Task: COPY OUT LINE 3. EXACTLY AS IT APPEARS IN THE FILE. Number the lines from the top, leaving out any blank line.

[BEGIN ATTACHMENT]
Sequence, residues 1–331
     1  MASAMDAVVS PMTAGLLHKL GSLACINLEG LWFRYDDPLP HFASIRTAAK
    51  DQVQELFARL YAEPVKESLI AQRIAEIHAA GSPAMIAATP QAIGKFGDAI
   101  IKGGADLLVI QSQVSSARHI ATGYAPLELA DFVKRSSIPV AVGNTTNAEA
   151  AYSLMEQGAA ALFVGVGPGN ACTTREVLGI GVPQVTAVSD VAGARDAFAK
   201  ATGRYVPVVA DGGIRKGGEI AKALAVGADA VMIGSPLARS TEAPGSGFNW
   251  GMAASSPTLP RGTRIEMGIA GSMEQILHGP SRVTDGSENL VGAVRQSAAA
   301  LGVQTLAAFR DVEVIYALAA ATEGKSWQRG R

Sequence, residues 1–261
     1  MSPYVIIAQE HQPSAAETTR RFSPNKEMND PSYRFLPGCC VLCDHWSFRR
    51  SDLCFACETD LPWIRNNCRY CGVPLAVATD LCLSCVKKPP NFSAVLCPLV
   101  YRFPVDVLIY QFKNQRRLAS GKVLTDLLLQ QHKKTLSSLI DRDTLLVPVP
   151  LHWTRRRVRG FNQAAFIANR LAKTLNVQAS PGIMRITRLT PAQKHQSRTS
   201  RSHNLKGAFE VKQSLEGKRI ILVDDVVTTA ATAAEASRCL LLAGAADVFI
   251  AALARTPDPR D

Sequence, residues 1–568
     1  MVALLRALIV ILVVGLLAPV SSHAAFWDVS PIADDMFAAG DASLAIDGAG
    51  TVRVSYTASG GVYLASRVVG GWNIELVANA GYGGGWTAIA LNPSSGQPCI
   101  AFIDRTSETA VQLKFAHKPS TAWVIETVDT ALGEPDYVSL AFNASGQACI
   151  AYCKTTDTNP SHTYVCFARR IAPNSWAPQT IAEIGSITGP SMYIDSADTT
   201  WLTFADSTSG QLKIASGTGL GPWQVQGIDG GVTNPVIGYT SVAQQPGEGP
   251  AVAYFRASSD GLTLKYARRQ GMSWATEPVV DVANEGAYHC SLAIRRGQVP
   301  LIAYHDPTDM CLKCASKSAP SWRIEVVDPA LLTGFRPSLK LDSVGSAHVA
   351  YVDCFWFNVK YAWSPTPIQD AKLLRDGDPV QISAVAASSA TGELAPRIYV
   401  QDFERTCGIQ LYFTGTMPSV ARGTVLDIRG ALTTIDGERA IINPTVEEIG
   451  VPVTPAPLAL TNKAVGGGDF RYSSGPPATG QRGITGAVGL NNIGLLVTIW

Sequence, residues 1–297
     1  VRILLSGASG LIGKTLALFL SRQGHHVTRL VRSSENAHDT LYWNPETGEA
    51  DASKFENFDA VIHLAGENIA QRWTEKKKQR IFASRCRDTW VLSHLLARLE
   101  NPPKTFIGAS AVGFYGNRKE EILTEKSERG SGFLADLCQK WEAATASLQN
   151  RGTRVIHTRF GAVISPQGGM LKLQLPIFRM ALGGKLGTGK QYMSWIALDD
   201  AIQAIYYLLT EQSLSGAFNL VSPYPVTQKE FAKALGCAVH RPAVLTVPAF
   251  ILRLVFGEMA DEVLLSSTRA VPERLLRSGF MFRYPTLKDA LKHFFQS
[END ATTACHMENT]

    51  DQVQELFARL YAEPVKESLI AQRIAEIHAA GSPAMIAATP QAIGKFGDAI